1973 November 7

Congress Overrides Nixon Veto, Passes War Powers Resolution

 

Fueled by public anger and frustration over the Vietnam War, Congress in mid-October 1973 passed the War Powers Resolution, designed to limit the power of presidents to commit American military forces to combat overseas. President Richard Nixon vetoed the law on the 24th, and Congress overrode his veto on this day. The vote in the House of Representatives was 284 to 135; and in the Senate 75 to 18. The Resolution requires the president to notify Congress of any commitment of troops within 48 hours, and forbids military forces from remaining more than 60 days without an act of Congress.

Most observers today, including both liberals and conservatives, believe the War Powers Resolution (now a law) has been ineffective in preventing presidents from sending American military forces into harm’s way. Both Republican and Democratic presidents have committed American troops overseas on many occasions, in some cases with inadequate notification of Congress. It is important to note that the wars in Afghanistan and Iraq were authorized by Congress before military forces were committed. And it is also important to note that the Resolution does not apply to actions by the CIA.

Prior to the passage of the War Powers Resolution, there had been several legal challenges to the Vietnam War. The state of Massachusetts passed a resolution on April 2, 1970 declaring the war unconstitutional because there had been no Congressional declaration of war as required by the Constitution. The ACLU declared the war unconstitutional on June 3, 1970 for the same reason and also because of the civil liberties violations attendant upon the war. Cases challenging the constitutionality of the war were unsuccessful. See June 19, 1970 and November 9, 1970.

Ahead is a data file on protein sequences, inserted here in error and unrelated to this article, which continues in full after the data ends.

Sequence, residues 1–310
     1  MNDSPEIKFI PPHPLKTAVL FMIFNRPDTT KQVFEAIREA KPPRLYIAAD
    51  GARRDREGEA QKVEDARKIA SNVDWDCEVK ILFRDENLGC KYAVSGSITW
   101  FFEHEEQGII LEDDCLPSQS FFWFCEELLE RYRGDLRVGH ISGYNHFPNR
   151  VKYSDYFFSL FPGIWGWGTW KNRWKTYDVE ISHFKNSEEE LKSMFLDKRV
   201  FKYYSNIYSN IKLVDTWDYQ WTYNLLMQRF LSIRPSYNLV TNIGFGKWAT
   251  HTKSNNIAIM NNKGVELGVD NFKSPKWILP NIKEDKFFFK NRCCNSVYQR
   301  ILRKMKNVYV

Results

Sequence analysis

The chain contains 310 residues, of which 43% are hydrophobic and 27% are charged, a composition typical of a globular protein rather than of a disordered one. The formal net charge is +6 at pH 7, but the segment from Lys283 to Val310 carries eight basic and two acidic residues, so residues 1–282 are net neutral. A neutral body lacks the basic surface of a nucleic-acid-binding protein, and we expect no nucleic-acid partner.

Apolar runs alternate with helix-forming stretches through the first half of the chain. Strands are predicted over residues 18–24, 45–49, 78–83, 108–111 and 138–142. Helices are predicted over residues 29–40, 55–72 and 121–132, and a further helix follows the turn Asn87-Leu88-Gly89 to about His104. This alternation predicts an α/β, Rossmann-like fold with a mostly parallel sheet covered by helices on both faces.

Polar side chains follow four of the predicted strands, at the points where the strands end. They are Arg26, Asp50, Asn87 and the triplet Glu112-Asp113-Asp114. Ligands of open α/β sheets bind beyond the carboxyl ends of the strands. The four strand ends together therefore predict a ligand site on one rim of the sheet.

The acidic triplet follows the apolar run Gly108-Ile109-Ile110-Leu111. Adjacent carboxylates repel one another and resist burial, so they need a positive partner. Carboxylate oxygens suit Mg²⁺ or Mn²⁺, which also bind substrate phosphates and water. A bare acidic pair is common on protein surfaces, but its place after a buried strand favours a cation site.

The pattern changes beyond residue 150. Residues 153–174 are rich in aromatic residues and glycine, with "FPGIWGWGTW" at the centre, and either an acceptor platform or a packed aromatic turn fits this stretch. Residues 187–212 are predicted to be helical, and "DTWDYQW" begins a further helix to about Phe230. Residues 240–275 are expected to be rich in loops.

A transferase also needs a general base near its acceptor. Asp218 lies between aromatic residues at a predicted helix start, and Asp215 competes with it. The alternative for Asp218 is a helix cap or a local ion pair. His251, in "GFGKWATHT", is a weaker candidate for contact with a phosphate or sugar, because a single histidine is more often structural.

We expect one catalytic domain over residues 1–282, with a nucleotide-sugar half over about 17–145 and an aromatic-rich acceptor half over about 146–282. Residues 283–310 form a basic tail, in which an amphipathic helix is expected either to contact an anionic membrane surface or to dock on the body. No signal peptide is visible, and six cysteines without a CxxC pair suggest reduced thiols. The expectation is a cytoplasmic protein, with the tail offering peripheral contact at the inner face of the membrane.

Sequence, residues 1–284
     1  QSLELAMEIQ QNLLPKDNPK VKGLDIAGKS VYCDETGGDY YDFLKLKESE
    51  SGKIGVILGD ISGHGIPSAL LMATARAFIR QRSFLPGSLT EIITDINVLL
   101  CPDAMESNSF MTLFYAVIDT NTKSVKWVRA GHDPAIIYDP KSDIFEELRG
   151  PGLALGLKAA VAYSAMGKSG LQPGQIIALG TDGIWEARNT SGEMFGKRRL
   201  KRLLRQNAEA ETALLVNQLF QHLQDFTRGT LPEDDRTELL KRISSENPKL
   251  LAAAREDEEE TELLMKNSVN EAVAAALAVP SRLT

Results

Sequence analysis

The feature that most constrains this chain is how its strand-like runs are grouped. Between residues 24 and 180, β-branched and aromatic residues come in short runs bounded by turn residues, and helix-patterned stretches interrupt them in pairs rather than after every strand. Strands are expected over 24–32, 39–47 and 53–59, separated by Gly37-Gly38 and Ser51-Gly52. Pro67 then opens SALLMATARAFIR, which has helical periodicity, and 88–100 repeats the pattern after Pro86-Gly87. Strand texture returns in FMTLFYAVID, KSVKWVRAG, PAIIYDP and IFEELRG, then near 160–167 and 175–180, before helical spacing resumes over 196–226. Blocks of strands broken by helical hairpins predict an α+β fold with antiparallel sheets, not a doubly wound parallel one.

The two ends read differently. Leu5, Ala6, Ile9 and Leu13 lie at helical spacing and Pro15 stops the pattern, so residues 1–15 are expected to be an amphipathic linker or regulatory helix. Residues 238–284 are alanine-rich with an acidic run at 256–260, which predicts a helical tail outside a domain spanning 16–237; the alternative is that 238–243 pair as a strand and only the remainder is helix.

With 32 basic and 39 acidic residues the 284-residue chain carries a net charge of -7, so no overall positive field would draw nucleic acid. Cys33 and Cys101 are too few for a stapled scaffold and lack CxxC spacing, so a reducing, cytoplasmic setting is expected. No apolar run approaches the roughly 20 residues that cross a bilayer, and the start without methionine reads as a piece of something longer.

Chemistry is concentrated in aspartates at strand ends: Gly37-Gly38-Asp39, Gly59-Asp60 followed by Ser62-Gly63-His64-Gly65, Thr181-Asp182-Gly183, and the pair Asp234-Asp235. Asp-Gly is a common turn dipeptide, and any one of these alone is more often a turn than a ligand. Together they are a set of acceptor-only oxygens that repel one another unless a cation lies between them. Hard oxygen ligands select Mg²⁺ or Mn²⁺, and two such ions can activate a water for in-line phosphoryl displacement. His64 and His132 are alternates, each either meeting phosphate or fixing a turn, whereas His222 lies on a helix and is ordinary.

Section 4 of the Resolution: “(a) In the absence of a declaration of war, in any case in which United States Armed Forces are introduced (1) into hostilities or into situations where imminent involvement in hostilities is clearly indicated by the circumstances; (2) into the territory, airspace or waters of a foreign nation, while equipped for combat, except for deployments which relate solely to supply, replacement, repair, or training of such forces; or (3) in numbers which substantially enlarge United States Armed Forces equipped for combat already located in a foreign nation; the president shall submit within 48 hours to the Speaker of the House of Representatives and to the President pro tempore of the Senate a report . . .”

Read the full text of the War Powers Resolution: http://avalon.law.yale.edu/20th_century/warpower.asp

Read: Peter Irons, War Powers: How the Imperial Presidency Hijacked the Constitution (2005)

Learn more about war powers at the Library of Congress: http://www.loc.gov/law/help/war-powers.php

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